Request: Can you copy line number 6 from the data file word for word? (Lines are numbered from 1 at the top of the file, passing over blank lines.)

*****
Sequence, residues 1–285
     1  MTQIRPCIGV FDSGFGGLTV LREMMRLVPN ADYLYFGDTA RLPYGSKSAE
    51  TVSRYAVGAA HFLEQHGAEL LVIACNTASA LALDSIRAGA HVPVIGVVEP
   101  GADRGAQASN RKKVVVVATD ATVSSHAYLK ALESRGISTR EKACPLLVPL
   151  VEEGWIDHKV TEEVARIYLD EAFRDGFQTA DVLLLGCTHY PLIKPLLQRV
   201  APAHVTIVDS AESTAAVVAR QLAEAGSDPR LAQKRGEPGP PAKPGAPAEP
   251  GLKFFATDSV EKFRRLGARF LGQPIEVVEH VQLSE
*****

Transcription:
   201  APAHVTIVDS AESTAAVVAR QLAEAGSDPR LAQKRGEPGP PAKPGAPAEP